Apple - Why can't I use zsh?

@bmike has already offered the easiest solution, but I wanted to go back to the GUI instructions not working.

I found that Apple’s instructions here can be confusing. Control-Clicking will not do anything unless you first “unlock” the Users & Groups pane, as shown below in the blue box:

screenshot of Users and Groups system preference pane.

Once you have it unlocked, be sure you are clicking in the white-area on the left to access “Advanced Options…” as shown above with the blue arrow.

Then you should be able to access the options, including shell, from the Advanced pane.

Don’t use sudo directly without some additional switches - your invocation would change root’s shell, not your user account.

If your short name is mike (you can check with whoami or who am i

sudo -s
chsh /bin/zsh mike

Or if you know an admin short name and password you could skip the sudo initially

chsh -u admin /bin/zsh

@ me if you still have issues, there are a couple other ways to skin this cat, but I think once you specify the other user and su to root first, you should be set. It should have just worked out of the box, but hopefully we don’t have to go down that rabbit trail.

This is a somewhat speculative answer, on the assumption that your account is coming from an Active Directory domain your Mac is bound to. You can check this by running:

dscl /Search -read /Users/"$USER" | grep AppleMetaNodeLocation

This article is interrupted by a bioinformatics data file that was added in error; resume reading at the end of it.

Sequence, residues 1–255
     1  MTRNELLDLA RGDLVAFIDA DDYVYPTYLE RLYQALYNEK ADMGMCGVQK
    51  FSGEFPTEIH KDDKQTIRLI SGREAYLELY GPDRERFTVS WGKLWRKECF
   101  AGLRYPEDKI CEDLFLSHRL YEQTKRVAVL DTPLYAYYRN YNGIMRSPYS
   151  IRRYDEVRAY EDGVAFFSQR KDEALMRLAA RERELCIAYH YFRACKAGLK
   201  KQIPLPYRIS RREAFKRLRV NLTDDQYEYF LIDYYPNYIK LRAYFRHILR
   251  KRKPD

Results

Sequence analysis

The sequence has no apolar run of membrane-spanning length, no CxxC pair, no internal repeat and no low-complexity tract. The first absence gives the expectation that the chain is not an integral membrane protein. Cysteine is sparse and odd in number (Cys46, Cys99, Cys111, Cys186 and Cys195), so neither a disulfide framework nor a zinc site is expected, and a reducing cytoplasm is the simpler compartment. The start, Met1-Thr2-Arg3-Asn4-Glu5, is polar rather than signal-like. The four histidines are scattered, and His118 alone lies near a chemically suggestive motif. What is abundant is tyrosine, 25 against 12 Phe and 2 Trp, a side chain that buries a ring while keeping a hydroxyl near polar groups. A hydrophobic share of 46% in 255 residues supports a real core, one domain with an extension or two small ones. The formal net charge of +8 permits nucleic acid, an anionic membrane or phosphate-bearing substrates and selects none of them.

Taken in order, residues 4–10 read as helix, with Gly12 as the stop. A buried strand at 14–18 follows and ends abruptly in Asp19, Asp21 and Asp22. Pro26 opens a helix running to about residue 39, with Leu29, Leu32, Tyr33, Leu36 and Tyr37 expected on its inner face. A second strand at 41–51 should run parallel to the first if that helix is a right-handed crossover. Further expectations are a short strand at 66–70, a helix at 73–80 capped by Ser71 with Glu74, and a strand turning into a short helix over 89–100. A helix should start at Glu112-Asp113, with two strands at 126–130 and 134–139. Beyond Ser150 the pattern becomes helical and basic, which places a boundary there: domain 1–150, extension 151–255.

If it prints something like "AppleMetaNodeLocation: /Active Directory/<somedomain>", then your account is coming from AD, and this answer might work for you. I say "might" because I don't have a setup to test properly, and haven't messed with this stuff for several versions. If it doesn't print something about "/Active Directory/", this answer is not relevant.

Before proceeding further, I'd make a record of your current AD binding configuration. Run:

sudo dsconfigad -show

...and save its output somewhere, so you can refer to it if you need to put things back the way they were. If it doesn't print anything, then there's something weirder going on and I wouldn't recommend proceeding until you know what it is. It'll probably list something like "Default user Shell = /bin/bash"; if so, I'm pretty sure that's the root of your problem. To change this, run:

sudo dsconfigad -shell /bin/zsh

...and then probably reboot to make sure change takes effect. Oh, and check your Terminal preferences to make sure they're not overriding that (see here).

Explanation (if you care): in unix (including macOS), each user account record has an attribute that controls their default shell. Changing the user's shell (with chsh or whatever) edits the user's record to change that attribute value. But Active Directory accounts don't have this attribute (unless the AD domain has Identity Management for Unix enabled -- but that's deprecated), so Apple's AD connector fakes up a value for this on its own. Because it's fake, it can't really be changed. But you can change what value the AD connector uses to fake it up, and that's what the dsconfigad command does.